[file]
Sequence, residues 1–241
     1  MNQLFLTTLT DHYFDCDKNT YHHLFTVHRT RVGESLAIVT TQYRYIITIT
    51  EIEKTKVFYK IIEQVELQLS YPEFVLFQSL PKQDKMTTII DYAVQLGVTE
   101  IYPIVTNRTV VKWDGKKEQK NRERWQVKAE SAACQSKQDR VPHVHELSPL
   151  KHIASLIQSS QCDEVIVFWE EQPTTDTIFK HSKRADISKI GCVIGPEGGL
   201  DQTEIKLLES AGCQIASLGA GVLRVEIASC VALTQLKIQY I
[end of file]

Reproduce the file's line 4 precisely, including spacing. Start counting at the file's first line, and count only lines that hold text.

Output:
   101  IYPIVTNRTV VKWDGKKEQK NRERWQVKAE SAACQSKQDR VPHVHELSPL